Hamburg’s Oldest Warehouse Structure Saved from Decay
I moved my collection from my home by the Elbe into the Kaispeicher B, which is the oldest remaining warehouse of the city. Built in 1878, it was originally a grain silo, but storeys were installed as early as 1884. On two sides the ten story brick building is surrounded by water. Ships and barges flowed along the Elbe into the Magdeburger Port and unloaded their cargo. From the Brooktorhafen small boats transported the wares further. The storefront of the warehouse, with its gables, cornices and pointed arches was an early indication of the neo-Gothic style of the “Hanoverian School”, that was to become typical of the warehouse district. It was therefore the ideal location for the International Maritime Museum.
That is how a private collection became a public museum. As the largest cultural institution in the HafenCity (Harbour City) it not only shares local history with its visitors but also offers a global view. As maritime history is world history, where better to tell it than by the harbour, Hamburg’s gate to the world.
Visitors who’s GPS devices are rendered useless by the extensive construction works going on here often ask me how I feel among all these cranes and trucks. I tell them, good and a little proud. Good, because our museum is a part of a visionary project and I am able to experience every day how something new is growing from the historical foundations of our city. Proud, because my colleagues and I have saved Hamburg’s oldest warehouse from decay. Restoring the now heritage listed building was a delicate task. It meant for example that fifty thousand bricks had to be removed, checked and returned by hand.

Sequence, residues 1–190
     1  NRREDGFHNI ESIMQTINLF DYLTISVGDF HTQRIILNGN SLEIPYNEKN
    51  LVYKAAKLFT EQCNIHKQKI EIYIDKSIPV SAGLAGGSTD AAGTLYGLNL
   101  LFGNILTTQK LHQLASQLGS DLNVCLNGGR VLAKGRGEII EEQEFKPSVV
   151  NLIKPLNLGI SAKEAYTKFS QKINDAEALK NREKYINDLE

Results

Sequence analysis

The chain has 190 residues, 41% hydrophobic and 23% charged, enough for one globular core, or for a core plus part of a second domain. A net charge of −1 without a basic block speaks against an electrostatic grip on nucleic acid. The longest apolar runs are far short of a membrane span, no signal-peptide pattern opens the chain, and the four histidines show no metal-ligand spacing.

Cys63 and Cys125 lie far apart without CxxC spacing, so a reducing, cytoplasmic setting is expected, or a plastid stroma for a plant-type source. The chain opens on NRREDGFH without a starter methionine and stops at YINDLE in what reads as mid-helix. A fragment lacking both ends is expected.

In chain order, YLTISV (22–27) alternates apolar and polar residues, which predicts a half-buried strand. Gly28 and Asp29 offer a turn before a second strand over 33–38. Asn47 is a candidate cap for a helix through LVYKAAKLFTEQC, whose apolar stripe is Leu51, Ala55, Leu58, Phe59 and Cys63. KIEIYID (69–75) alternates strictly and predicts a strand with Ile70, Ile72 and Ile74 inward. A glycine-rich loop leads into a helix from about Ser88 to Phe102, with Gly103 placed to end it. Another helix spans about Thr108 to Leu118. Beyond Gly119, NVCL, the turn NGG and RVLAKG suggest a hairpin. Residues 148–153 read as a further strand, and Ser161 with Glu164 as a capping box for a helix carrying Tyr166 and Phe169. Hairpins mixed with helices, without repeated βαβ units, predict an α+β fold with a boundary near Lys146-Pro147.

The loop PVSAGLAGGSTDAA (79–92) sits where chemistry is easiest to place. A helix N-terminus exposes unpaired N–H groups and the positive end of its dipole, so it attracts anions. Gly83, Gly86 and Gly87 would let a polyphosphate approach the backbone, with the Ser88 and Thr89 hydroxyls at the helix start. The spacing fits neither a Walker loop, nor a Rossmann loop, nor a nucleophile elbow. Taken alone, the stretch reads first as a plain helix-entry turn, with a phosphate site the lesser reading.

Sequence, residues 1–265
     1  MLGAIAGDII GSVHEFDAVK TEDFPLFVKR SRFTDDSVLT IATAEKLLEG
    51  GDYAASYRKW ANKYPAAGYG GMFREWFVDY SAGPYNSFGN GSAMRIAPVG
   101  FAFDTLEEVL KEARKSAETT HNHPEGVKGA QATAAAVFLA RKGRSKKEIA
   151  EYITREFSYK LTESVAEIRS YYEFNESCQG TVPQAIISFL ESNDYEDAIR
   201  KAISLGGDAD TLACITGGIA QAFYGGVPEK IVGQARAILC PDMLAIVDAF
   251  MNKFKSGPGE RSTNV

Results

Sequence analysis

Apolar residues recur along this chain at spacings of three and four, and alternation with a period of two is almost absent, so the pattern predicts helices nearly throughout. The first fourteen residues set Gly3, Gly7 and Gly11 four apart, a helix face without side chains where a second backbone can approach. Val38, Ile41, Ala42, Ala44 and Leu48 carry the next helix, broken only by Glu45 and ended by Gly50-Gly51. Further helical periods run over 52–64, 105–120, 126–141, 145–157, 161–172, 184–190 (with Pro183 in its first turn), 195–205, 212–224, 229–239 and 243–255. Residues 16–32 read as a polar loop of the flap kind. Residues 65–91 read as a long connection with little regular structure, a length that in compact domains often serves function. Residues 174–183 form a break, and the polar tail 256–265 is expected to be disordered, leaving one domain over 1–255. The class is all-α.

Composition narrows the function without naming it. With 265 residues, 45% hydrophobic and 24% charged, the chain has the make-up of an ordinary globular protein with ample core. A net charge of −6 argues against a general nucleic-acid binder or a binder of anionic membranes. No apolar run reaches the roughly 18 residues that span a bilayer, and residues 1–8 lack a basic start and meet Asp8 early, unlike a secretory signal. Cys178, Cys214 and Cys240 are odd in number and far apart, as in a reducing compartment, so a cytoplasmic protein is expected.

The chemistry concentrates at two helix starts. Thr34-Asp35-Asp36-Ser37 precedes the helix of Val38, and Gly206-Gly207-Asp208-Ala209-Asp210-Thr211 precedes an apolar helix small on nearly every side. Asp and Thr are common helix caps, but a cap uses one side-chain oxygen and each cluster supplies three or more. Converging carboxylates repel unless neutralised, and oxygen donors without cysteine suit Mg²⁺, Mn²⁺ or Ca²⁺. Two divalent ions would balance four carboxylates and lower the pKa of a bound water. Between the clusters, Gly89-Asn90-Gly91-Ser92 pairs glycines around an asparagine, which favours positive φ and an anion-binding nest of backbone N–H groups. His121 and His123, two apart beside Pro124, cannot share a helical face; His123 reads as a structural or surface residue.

The Port of Hamburg was always the economical heart of the hanseatic city and took top priority. It was here that Hamburg and Hanse history was written. The HafenCity is the largest city construction project in Europe, which not only changes one’s personal view of the city but will also heighten perception of the city on an international level.
Prof. Peter Tamm